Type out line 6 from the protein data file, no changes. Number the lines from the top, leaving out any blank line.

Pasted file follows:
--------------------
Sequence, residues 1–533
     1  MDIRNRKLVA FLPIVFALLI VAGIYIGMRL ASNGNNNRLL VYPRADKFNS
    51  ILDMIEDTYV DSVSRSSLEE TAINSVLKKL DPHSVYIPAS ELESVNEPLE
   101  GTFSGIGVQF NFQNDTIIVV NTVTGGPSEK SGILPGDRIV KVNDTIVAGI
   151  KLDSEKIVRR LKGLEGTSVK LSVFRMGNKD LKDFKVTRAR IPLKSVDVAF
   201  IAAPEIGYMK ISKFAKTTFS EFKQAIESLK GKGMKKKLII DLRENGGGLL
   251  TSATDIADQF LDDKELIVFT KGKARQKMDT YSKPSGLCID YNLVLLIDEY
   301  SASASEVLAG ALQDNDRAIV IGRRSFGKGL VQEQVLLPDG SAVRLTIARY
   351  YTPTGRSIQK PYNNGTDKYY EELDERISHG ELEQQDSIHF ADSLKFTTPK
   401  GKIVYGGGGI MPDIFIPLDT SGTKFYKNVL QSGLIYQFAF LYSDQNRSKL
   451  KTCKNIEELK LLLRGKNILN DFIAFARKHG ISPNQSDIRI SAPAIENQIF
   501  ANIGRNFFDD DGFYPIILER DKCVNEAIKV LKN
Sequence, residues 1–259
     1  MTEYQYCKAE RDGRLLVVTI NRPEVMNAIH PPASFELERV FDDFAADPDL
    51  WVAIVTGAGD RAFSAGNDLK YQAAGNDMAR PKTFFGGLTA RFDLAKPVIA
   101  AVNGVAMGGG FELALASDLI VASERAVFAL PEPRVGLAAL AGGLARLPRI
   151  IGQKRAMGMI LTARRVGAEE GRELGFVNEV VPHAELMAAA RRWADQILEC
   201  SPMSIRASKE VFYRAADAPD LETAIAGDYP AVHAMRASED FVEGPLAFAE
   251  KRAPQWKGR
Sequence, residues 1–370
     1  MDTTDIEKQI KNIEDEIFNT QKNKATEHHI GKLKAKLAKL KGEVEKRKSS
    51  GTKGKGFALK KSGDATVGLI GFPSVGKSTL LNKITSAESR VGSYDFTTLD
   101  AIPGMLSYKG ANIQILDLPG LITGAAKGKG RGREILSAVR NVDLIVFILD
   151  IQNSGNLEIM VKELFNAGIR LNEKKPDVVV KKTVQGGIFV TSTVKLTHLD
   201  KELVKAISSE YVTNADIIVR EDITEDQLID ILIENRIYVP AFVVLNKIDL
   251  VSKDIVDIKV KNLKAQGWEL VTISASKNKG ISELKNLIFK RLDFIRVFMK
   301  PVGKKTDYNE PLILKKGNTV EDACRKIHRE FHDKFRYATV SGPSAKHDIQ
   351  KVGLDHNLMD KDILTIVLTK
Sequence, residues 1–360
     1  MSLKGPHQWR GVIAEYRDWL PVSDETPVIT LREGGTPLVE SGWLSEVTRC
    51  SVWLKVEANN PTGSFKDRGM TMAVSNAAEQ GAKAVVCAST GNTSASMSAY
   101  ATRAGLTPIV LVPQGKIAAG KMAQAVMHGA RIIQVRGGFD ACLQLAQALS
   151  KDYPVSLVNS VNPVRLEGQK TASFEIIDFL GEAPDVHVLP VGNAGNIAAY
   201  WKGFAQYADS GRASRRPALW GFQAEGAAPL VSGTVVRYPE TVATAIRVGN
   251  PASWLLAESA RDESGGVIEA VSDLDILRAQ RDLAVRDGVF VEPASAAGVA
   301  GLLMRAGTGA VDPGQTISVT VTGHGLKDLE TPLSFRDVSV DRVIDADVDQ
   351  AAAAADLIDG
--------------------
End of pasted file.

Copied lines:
   201  IAAPEIGYMK ISKFAKTTFS EFKQAIESLK GKGMKKKLII DLRENGGGLL